- Kind: Perfectbound
- Pages: 124
- Language: English
- Date Published: June, 2023
- ISBN: 978-1-953252-81-4
Einstein spoke dismissively of “spooky action at distance,” the idea that separate objects could somehow share a simultaneous condition across space and time, or what is sometimes referred to as quantum entanglement. Yet the phrase persists and serves as a powerful metaphor for the work poetry does. In John Mulrooney’s amazing new book, lyric performs this entanglement, bridging distant states of mind and registers of experience with a swiftness and a surprise that is indeed spooky. The suffering and loss of this world haunts these poems with an elemental pathos, the power of a fading logos written in the language of ghosts who still speak out of the dark in a human voice. —Patrick Pritchett
John Mulrooney’s Spooky Action takes us on a high-velocity, free-associational journey through our times. These poems arise out of a capacious imagination determined to meet and keep in mind whatever the world delivers, to make a music out of what is. Sometimes the world offers the poet an evanescent beauty, as when, for example, he sees a gust of snow that “plumes angelic” over a city street. But more often the world confronts him, and us, with no small amount of lies, myopias, loss, and suffering. Mulrooney’s poems follow our difficult human trail wherever it leads, and in the process, he widens and deepens our sense of the real, which is of course why poetry matters, and this poetry definitely matters. —Fred Marchant
Dawn, Lower County Road
Orange and silver morning
the earth hints — teases
a slow blues creeps through the trees —
television still on inside.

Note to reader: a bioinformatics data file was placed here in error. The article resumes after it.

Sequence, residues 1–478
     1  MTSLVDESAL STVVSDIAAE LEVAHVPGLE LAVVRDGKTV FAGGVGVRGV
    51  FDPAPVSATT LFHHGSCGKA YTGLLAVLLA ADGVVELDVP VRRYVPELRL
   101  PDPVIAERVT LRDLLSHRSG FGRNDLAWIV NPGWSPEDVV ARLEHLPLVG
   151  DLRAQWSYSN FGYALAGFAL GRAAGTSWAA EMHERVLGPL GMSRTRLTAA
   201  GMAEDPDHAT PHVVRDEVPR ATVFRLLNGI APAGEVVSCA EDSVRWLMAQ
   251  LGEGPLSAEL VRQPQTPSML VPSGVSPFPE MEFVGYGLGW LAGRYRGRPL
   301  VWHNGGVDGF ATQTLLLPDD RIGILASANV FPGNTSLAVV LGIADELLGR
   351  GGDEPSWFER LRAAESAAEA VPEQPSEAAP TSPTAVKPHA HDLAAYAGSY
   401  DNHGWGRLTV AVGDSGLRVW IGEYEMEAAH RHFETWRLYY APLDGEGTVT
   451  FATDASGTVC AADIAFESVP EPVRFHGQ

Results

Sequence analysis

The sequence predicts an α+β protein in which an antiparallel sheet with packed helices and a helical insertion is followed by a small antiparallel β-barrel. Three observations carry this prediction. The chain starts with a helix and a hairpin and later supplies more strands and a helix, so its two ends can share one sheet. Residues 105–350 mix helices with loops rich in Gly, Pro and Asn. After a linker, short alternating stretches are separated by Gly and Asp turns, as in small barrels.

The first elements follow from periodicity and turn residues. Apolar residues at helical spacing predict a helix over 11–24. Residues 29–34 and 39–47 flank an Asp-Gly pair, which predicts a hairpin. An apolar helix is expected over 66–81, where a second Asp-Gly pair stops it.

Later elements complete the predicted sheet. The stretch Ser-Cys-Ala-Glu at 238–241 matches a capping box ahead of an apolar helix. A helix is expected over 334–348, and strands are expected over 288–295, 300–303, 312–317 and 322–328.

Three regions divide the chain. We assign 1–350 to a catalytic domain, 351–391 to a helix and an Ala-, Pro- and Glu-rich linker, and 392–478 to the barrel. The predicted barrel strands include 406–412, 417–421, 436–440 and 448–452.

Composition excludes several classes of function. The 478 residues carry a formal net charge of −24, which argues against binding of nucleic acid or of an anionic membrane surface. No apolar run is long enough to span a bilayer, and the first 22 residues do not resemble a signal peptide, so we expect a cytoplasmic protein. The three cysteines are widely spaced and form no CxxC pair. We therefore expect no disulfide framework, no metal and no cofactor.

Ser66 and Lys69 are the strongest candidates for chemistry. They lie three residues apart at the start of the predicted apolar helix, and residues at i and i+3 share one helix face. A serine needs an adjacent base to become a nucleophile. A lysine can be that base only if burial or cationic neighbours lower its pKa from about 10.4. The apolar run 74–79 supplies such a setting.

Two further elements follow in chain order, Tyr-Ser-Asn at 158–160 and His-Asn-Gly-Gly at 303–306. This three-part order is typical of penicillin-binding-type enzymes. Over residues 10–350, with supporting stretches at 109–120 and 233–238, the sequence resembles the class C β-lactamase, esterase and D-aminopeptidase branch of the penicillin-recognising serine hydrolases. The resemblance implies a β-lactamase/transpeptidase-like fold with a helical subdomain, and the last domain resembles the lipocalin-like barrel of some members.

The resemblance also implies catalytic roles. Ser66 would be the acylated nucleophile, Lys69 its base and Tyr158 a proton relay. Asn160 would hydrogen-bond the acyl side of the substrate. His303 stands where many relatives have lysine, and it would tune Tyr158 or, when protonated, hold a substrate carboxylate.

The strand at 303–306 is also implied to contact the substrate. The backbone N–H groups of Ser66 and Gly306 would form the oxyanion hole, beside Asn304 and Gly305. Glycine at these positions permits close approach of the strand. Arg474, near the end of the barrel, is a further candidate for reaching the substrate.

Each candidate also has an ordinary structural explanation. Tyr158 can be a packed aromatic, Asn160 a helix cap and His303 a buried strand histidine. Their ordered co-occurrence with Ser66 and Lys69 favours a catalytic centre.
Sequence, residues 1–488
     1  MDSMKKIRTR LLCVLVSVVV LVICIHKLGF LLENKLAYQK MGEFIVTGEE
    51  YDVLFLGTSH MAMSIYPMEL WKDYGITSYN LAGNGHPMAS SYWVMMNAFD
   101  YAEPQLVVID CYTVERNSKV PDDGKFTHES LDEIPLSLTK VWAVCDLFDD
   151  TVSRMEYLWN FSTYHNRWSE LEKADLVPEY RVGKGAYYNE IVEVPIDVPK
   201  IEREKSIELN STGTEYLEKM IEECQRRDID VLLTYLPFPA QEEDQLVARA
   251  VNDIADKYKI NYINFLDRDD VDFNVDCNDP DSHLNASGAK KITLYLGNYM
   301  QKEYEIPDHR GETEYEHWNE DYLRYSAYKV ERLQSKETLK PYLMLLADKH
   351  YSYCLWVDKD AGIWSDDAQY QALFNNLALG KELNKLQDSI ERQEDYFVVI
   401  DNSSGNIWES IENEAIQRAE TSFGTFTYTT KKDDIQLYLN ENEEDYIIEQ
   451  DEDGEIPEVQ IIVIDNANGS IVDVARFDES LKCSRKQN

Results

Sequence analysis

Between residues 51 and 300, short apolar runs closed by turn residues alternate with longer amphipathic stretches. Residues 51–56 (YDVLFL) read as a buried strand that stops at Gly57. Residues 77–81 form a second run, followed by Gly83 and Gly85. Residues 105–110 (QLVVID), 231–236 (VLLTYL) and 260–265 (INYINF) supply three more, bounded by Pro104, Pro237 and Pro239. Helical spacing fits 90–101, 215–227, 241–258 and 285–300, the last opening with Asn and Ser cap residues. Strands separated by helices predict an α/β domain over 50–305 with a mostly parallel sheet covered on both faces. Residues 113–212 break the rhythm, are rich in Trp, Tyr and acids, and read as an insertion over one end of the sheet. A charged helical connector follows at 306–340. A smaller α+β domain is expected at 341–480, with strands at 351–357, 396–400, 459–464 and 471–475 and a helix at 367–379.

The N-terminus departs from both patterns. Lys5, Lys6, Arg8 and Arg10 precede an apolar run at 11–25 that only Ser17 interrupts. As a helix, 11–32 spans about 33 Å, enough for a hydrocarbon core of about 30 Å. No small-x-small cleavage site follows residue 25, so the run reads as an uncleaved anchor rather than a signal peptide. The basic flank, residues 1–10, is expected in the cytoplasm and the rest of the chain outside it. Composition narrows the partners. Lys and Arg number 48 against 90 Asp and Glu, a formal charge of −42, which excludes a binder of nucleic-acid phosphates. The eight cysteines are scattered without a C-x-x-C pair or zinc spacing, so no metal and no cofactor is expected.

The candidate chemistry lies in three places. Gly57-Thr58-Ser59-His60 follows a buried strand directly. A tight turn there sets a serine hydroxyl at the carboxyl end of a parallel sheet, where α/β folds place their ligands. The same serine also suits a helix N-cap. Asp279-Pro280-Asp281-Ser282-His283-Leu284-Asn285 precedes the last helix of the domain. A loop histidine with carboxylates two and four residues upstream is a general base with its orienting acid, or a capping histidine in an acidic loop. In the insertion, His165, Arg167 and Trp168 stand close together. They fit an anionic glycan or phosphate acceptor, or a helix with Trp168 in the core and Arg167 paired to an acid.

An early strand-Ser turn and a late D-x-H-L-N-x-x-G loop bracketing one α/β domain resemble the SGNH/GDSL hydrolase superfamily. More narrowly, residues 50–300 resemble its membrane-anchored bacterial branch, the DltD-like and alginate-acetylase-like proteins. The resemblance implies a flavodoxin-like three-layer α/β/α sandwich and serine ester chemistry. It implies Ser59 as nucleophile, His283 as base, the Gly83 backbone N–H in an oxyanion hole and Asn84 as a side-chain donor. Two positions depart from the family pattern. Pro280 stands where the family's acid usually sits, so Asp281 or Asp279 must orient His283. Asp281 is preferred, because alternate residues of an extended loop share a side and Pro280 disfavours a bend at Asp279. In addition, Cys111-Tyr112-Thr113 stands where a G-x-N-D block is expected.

All night Discovery and History;
mudskippers fished upon the shore,
fox bats fucked upside down,
Turkish assassins crept on stair landings
while the emperor’s drunken soldiers were abed —
all these secrets revealed beneath
a cloud filled sky like coal on leather
until little feet of light step
one by one through the pines,
trees like one tree began to appear —
then two trees grown out of each other
then whole families of rough-skinned cousins —
Siamese twins and mother and child
sapling to adult all bent to greet
their new shadows
and the hacked limbs
where nothing has grown back
begin to appear
bulbous welts like a monkey’s ass —
the unseen world kisses the seen
but does not reveal its past;
only a new day in orange and silver
and the blue of the TV screen.
The stars are gone as if they never had been.
The trees have arrived as if they never were.
JOHN MULROONEY is a poet, filmmaker, and musician living in Somerville, Mass. He serves as poetry editor for Arts Fuse and Boog City. He records and performs regularly with a number of musical groups in the greater Boston area. He teaches at Bridgewater State University.